I started this blog during Hurricane Irene. I was fortunate enough to have power until about 9:30pm the night of Saturday, August 27, when I was in the middle of typing the last sentence of the last paragraph. I am happy to report my townhouse did not have any damage, the only bad things that happened were no power throughout the night (but fortunately it wasn’t that hot and slept comfortably), arguing with Shadow as to why he could not go outside, and the cover blew off my grill (but landed safely behind it, caught between the side fence and the grill, and it is currently drying out in the sunshine). When I went to bed last night I was very scared about the food in my large 6′ freezer out in the garage as well as the food in my well-stocked fridge, and nearly cried at the thought of throwing everything (including the soup I’d just made) out. Also, it dawned on me that I do not own a French Press coffeemaker nor do I own either ground coffee or a coffee grinder (because we own a Cuisinart Grind & Brew), and might have to drink tea instead if I boil water on the grill. Fortunately, our power was restored around 10:00 this morning, I had fresh coffee and pancakes with bacon for breakfast in my own home, and am now able to wash linens. I have offered my friends without power use of my facilities if they need them.

How he recovers from a hurricane, by napping on a cooler in the shade next to my mint

Anyway, I hope everyone is safe and has an enjoyable week, and hopefully no more crazy-ass weather.

Bon Appetit, Y’all!

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Jambalaya

Posted on 05/26/2010. Filed under: Chicken, Dinner, Grains, Pork, Seafood |

In less than seven weeks, I will be in New Orleans.  I can not freaking wait for this trip for several reasons, in no particular order: 1. It’s NEW ORLEANS for a week, my absolute most favorite city that I have been to so far in my life; 2. I won’t be in Richmond for a week, which means I won’t be at work, always a good thing; 3. I see my boyfriend for the first time since March; 4. All I will be doing is grocery shopping and cooking, which is perfect.  When I decided to go on the trip, I thought, “Why not make dishes that are native to Nawlins while we’re there?”  Turns out, the church folks that are going on the trip as well are already expecting cajun cuisine.  One of the guys has a best friend that lives there and I guess one night we will be having a Gumbo Throwdown (his will be seafood, mine will be andouille & chicken like the Gumbo I made for this blog).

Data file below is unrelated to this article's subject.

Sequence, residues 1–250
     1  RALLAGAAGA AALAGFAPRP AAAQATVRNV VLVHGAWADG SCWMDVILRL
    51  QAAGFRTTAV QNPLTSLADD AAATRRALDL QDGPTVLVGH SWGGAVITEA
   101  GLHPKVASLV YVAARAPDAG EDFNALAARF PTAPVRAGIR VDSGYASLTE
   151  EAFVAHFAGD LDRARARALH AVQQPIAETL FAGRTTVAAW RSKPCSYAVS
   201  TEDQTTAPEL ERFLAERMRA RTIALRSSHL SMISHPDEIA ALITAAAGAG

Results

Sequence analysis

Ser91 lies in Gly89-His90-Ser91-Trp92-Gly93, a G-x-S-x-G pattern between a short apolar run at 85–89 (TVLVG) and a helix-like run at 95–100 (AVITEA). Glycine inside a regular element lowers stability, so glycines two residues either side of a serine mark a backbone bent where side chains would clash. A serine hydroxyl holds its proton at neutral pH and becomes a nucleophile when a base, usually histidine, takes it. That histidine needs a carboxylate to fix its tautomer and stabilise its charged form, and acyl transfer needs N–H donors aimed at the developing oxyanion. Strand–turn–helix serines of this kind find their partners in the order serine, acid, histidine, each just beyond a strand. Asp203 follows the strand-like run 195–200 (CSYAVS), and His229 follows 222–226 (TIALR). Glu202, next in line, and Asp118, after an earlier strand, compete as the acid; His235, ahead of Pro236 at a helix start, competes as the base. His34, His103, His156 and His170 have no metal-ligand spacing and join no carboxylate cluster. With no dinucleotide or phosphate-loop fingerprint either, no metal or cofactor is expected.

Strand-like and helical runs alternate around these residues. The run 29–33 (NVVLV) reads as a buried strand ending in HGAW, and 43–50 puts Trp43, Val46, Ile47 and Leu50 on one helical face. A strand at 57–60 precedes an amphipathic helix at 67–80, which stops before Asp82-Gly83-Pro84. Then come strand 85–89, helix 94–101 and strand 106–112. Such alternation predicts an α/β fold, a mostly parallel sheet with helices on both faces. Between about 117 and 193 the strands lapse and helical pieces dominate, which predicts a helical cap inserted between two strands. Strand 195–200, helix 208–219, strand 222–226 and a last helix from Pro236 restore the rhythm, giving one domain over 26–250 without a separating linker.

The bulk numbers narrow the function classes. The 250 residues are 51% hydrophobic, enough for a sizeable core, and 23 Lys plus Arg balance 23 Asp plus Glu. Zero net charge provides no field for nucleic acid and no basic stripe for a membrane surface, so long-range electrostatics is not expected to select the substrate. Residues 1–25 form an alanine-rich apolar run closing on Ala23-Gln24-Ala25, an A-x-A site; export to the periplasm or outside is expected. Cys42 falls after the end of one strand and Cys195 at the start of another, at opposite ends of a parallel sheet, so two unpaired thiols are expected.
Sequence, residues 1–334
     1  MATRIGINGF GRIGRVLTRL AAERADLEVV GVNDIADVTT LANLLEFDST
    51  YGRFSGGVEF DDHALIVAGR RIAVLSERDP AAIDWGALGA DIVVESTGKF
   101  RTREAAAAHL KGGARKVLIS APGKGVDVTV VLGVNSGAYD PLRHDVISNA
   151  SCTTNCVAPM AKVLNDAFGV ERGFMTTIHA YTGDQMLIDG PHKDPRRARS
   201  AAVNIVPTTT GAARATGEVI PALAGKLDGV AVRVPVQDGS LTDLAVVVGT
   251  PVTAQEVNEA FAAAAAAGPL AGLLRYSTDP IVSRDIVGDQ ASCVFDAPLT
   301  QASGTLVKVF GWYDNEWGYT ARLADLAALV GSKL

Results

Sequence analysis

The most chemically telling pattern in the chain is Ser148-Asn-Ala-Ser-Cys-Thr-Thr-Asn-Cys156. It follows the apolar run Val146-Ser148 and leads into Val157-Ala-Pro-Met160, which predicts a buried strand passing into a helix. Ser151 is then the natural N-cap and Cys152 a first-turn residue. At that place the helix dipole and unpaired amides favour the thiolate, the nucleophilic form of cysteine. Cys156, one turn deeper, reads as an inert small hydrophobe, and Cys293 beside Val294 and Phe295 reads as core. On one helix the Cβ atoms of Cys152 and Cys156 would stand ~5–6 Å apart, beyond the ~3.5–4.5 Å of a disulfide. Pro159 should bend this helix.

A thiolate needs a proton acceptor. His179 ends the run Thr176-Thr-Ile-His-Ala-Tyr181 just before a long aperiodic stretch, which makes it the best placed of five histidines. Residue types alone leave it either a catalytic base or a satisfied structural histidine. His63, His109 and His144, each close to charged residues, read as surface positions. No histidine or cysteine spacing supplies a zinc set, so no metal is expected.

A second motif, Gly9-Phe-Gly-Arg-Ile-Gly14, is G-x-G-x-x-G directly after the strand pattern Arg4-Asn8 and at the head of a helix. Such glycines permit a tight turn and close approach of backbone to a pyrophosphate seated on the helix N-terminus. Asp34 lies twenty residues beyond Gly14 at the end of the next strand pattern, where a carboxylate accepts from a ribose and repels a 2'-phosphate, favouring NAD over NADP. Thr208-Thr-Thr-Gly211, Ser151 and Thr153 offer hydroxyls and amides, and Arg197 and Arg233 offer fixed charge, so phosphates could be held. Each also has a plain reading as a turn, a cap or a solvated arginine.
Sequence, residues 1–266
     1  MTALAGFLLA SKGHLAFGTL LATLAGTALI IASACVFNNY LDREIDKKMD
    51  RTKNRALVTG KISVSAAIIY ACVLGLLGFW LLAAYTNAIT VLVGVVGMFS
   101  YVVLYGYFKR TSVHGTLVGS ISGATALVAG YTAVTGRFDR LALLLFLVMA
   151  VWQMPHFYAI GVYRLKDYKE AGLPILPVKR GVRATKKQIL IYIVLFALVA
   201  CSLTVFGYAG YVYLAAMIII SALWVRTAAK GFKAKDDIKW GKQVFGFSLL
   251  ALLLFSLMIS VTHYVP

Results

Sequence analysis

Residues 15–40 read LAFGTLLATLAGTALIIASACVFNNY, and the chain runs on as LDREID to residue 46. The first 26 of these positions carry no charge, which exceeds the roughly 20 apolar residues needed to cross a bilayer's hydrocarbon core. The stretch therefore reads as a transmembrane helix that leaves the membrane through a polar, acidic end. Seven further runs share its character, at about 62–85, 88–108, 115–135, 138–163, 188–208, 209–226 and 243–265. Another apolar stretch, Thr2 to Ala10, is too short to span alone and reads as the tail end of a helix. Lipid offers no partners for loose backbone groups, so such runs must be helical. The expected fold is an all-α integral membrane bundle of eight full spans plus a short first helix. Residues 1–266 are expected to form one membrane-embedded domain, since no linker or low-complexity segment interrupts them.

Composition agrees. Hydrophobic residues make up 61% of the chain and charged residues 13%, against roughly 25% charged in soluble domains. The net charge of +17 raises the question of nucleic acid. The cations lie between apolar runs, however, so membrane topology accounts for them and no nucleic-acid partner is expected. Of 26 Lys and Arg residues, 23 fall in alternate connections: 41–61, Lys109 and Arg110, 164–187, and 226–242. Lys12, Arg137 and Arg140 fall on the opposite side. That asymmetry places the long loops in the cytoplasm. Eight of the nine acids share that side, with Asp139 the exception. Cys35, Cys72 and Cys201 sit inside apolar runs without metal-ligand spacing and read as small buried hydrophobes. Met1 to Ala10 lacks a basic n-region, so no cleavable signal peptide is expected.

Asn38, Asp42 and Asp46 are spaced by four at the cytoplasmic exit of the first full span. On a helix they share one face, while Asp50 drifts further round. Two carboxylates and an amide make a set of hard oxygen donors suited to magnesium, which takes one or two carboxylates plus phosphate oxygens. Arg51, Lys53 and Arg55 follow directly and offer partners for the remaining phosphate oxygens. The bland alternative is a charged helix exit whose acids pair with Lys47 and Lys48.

But one of the dishes I was really nervous about making was Jambalaya, mainly because it has rice in it as a main ingredient and I was convinced rice and I weren’t ever going to be BFF’s.  I poked around Tastespotting and found this guy’s recipe, which looked pretty spot-on as well as pretty easy.  Andouille was purchased at my stand-by, Whole Foods, as well as the shrimp (which after de-veining looked terrible, but cooked beautifully).  I’d debated on using shrimp because of the cost (thanks, BP, for not only destroying the environment but also making seafood costs skyrocket), but thought why not and went balls to the wall with the meats.  Mom purchased the chicken, and to make the dish more flavorful, I decided to use thighs instead of breasts.

De-boning chicken thighs is a bitch.  I said it, and I’ll repeat it: de-boning chicken thighs is a bitch.  Even with brand-new Henckels paring knives.  But I did it.  Next time, I’m using chicken breasts to save time and effort.  I started prepping the dish by de-boning four chicken thighs, removing the skin, cut the meat into cubes, reserving the bones and cartiledge for stock, skin to someday coat in seasoned flour and fry on its own.  Everyone likes the crispy fried chicken skin right?  Anyway, after the thighs were done, I sliced three andouille sausage links into quarter-inch slices while the meat was still a little frozen (I’d bought the sausages on Sunday and wanted them to be frozen for easier slicing), and peeled and deveined a pound of shrimp.  An hour after prepping meats, I had this:

Triumvirate of Meat: Shrimp, Andouille, Chicken

Then I prepped the veggies, which Emeril refers to as The Holy Trinity: green pepper, onion and celery.  I had half a leftover green pepper as well as a whole one, so I sliced them both and cut the slices into a medium dice.  I then cut one medium sweet onion (Mom gets the sweet onions, but I’m sure a white one would work just as well) into a medium dice, and three ribs of celery to a medium dice.  I used the author’s recipe as a guide as far as what ingredients and how much as far as the rice, tomatoes and stock were concerned, but I just went with the flow with pretty much everything else.  I thought one rib of celery wasn’t enough in ratio of the pepper and the onion, and I figured more celery wouldn’t hurt.  It sure didn’t.  After The Holy Trinity was prepped, I finely minced four cloves of garlic, measured my rice and stock, and opened the can of plain diced tomatoes.  My mise en place was set.